I just got an copyright infringement notice that says my app infringes on the usage policies of the services my app uses.

However, this mail does not come directly from the company that runs the website I pull information from. The mail comes from a company that has some paid apps in the same category on the app store (mine is free), so they obviously want me gone.

My question is, can I just ignore this mail until I hear directly from the company that runs the website? Judging from their (the company that contacted me) website, they have no connection what so ever to the company that I fetch information from.

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    While I would contact the company running the website your pulling information from, I would also send a response to the company, asking them to contact your lawyer in the future. I assume you indicate the data your pulling is owned by the company your pulling from, if you do that, they would be hard pressed to call a foul on it. Did an actual lawyer contact you, if not I would ignore it ( although still contact the company your pulling information from ), so you can work out a business deal with them – Ramhound Mar 30 '12 at 12:24
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    You're in good company. According to Google, over 50% of DMCA takedown notices are illegitimate, targeted at the competitors of the sender in an attempt to sabotage their business. See if you can bust them for this. – Mason Wheeler Mar 31 '12 at 17:53
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    Do share the follow up of what happened. – nikhil Apr 5 '12 at 13:42
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    I'm voting to close this question as off-topic because it's a support question for the company hosting your app, and not something other programmers can authoritatively answer. – Ixrec Dec 28 '15 at 10:32

Be proactive and contact the company who runs the service you are using, and ask them if they are ok with your app being available on the app store, and with the way it uses their services. This approach has benefits: If you ignore the email from this competing company, they might inform the service owners of your app, which might lead them to ask you to take it down. If you approach them directly they might take a more lenient view as it shows you are willing to comply with their terms and not sneak something by them (even if that's what you've been doing so far).

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    @Smiden: Also, if I were in your place, I'd mention to them about the email received from the competing company. I wouldn't like people to send infringement notices in my name, and I guess they wouldn't either. Also, there is a good chance that your competition is using the same service and they may be in the grey area themselves. – Goran Jovic Mar 30 '12 at 11:20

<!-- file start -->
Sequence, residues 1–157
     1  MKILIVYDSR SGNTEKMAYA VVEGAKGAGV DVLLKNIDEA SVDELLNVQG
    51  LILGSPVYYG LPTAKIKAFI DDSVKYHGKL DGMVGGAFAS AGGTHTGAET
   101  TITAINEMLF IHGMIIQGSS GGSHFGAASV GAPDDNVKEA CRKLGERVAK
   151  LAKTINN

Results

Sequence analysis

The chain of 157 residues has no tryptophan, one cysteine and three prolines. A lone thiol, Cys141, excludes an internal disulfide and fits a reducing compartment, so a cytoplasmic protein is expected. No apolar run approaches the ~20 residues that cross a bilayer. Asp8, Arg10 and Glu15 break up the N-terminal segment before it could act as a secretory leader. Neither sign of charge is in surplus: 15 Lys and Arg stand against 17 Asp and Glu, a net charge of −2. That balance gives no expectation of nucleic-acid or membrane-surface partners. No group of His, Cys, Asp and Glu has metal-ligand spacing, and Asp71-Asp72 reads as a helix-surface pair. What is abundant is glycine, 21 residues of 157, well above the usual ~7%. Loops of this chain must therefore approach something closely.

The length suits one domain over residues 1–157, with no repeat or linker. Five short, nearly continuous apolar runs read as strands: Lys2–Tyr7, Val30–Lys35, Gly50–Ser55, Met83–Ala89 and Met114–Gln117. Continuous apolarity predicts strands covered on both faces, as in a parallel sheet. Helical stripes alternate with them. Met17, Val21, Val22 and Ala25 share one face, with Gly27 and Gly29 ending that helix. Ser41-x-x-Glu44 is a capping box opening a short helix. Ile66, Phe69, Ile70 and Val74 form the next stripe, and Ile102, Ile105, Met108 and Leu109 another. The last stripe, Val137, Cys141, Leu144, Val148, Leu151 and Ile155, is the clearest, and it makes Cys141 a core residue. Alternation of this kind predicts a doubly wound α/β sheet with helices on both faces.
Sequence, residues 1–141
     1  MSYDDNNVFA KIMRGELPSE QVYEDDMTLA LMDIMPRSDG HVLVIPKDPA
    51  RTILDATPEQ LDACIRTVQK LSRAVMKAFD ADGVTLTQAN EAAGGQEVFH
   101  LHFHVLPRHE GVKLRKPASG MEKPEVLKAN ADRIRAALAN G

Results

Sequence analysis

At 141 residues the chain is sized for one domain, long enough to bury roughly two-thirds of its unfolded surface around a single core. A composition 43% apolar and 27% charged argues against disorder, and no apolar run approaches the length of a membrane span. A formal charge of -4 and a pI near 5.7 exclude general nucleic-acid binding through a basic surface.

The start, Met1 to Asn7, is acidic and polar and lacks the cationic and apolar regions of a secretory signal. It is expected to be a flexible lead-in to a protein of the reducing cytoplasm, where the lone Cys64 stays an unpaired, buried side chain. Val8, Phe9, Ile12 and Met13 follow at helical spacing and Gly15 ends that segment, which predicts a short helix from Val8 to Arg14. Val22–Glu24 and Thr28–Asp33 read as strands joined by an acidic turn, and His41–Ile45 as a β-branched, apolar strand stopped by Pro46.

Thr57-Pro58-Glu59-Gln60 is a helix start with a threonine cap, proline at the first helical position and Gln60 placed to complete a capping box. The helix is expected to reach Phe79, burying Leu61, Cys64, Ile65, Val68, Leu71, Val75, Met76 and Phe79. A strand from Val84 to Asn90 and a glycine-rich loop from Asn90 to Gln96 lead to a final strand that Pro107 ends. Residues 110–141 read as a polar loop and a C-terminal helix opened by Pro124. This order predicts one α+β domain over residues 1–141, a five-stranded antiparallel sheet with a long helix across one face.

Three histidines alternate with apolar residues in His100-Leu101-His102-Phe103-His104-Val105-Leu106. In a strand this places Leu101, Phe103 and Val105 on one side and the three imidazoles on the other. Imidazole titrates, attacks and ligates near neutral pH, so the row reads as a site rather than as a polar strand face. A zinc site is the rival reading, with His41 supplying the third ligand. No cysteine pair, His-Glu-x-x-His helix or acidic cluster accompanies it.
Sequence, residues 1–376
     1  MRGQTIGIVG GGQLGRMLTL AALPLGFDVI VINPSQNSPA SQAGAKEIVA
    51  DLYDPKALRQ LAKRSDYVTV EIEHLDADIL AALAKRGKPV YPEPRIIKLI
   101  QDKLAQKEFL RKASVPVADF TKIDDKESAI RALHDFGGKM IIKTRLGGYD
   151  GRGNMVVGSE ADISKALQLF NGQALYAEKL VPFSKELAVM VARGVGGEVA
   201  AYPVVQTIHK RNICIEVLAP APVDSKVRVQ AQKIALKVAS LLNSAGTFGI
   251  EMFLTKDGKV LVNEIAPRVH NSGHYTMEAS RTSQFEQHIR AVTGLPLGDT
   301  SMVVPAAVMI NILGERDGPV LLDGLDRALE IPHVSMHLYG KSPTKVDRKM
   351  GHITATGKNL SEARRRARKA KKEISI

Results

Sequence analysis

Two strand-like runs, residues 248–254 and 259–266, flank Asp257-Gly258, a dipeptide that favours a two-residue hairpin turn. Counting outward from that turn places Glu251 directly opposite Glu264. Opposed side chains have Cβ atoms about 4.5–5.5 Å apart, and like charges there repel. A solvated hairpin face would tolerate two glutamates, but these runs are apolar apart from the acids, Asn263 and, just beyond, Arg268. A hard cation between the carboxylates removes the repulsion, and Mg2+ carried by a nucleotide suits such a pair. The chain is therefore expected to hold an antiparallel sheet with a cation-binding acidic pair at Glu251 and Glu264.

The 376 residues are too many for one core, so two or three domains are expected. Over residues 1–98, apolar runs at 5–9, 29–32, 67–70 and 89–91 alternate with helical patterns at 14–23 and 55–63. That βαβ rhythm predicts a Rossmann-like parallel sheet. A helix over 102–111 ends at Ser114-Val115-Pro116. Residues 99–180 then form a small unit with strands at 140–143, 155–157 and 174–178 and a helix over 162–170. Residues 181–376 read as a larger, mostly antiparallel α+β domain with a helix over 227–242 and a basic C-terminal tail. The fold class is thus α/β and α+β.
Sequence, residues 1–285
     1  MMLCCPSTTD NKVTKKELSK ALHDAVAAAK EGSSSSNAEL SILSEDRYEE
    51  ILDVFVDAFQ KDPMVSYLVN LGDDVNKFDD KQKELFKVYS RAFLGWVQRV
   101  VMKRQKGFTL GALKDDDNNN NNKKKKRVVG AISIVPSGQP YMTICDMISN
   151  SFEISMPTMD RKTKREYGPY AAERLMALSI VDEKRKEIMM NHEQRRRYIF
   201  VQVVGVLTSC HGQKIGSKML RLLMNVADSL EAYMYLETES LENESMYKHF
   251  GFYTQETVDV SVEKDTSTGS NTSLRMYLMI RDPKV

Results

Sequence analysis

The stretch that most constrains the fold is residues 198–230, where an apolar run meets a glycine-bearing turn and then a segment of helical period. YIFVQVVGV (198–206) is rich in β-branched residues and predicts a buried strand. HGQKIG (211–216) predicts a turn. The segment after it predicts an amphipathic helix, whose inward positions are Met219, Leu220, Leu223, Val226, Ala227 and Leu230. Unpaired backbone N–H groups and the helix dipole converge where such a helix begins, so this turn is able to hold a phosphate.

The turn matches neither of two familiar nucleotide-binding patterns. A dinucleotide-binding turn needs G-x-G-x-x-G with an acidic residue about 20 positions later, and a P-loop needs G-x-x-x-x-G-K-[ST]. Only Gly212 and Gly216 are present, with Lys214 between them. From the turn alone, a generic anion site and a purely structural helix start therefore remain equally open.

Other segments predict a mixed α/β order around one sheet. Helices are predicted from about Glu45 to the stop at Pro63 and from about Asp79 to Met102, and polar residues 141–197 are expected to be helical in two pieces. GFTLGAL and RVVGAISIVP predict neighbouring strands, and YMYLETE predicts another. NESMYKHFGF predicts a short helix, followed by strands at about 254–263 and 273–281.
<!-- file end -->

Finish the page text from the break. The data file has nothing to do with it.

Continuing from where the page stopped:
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    @GoranJovic If I was this company and heard that someone was sending out cease and desist letters in my name, I'd shut THEM down and thank the original poster for letting me know. – Sonic42 Mar 31 '12 at 1:50

You must get the opinion of a lawyer. They could be just trying to stomp you out without any real legal case.

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    The cost of getting the opinion of a lawyer could stomp him out. (Unless you can get him to work for a share of the profits) – Philip Mar 30 '12 at 19:53
  • @Philip: He really doesn't have any choice. – DeadMG Mar 31 '12 at 7:02
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    Uhhhh.... Yes he does? He can either hire a lawyer to act as a liaison with their lawyer and to hire a para-legal to research who truly owns the IP and can prove they own it. OR, he can ask the service he's using what's up and throw this piece of mail next to the Nigerian scammers and the ads for viagra pills. Do you hire a lawyer every time you click that EULA button? No. "Ask (and pay) a lawyer" needn't be the automatic answer every time a legal question rears it's head. In this case there is a perfectly valid alternative. – Philip Apr 2 '12 at 0:07
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    @DeadMG: yes, he does have a lot of choices. This thing is getting totally out of control, at this rate by end of next year you'll need to consult your lawyer just to turn on your computer. – vartec May 16 '12 at 13:17

Do you agree with the assessment in the letter? Are you infringing on the usage policy? If so, you should stop. This isn't a matter of "keep going until you get caught by the right person". If you're infringing, stop.

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  • I don't know if I'm infringing or not. I can't find anything obvious in the terms of service. I'm not a lawyer though so I can't be 100% sure. – Smiden Mar 30 '12 at 10:59

I would let your span filter eat the email and see what happens next, in the meanwhile see if you can conformation from the data provider that what you are doing is OK.

It is very possible that you will never get troubled by them again, even if the email is from someone that can take legal action against you, they will consider the cost before getting their lawyer to right to you most likely by smail.

(Given that over 50% of this type of email is span, it is reasonable for your span filter to hide the email from you)

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